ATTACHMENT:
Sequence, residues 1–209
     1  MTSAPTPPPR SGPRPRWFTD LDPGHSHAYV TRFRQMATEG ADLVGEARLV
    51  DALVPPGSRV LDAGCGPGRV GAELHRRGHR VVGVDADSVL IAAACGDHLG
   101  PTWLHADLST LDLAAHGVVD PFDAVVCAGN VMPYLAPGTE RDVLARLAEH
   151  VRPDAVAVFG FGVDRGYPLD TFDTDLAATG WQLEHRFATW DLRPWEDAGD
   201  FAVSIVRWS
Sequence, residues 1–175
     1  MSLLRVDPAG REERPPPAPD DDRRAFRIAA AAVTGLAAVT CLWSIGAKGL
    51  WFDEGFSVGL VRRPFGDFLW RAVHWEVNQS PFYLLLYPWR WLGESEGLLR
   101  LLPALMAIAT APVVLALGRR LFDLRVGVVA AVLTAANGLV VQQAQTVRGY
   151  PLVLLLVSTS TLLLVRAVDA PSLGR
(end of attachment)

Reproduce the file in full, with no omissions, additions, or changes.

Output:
Sequence, residues 1–209
     1  MTSAPTPPPR SGPRPRWFTD LDPGHSHAYV TRFRQMATEG ADLVGEARLV
    51  DALVPPGSRV LDAGCGPGRV GAELHRRGHR VVGVDADSVL IAAACGDHLG
   101  PTWLHADLST LDLAAHGVVD PFDAVVCAGN VMPYLAPGTE RDVLARLAEH
   151  VRPDAVAVFG FGVDRGYPLD TFDTDLAATG WQLEHRFATW DLRPWEDAGD
   201  FAVSIVRWS
Sequence, residues 1–175
     1  MSLLRVDPAG REERPPPAPD DDRRAFRIAA AAVTGLAAVT CLWSIGAKGL
    51  WFDEGFSVGL VRRPFGDFLW RAVHWEVNQS PFYLLLYPWR WLGESEGLLR
   101  LLPALMAIAT APVVLALGRR LFDLRVGVVA AVLTAANGLV VQQAQTVRGY
   151  PLVLLLVSTS TLLLVRAVDA PSLGR